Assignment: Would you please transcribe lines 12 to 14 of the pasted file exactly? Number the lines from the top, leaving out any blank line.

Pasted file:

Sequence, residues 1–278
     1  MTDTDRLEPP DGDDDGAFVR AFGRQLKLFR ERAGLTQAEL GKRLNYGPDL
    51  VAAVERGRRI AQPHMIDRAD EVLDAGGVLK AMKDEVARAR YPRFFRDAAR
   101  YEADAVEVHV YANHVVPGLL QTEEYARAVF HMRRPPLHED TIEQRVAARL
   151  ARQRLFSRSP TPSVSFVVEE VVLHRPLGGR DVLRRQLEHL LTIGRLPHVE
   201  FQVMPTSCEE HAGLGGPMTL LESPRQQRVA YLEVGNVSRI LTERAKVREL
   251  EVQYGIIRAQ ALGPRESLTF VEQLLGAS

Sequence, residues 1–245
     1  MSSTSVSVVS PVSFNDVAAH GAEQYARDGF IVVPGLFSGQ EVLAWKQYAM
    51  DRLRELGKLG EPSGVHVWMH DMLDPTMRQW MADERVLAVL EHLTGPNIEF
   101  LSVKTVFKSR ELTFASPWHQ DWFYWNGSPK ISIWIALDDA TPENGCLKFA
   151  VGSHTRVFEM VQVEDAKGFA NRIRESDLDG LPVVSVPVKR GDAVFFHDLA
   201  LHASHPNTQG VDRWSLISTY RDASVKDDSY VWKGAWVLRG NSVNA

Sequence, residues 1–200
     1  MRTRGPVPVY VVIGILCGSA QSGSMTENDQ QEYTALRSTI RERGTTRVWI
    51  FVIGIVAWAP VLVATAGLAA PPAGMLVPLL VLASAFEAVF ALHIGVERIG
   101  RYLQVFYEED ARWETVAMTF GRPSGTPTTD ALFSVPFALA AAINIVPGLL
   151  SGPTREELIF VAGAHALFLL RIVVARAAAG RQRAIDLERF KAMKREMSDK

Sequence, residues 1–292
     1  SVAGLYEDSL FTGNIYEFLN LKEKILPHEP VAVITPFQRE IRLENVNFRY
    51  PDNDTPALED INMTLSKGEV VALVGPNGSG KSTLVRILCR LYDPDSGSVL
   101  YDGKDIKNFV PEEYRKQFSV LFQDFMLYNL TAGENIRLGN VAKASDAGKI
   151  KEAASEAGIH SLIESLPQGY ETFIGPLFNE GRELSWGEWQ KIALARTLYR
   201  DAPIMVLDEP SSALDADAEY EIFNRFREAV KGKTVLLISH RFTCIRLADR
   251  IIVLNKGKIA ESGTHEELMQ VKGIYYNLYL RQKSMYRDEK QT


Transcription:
   151  VGSHTRVFEM VQVEDAKGFA NRIRESDLDG LPVVSVPVKR GDAVFFHDLA
   201  LHASHPNTQG VDRWSLISTY RDASVKDDSY VWKGAWVLRG NSVNA

Sequence, residues 1–200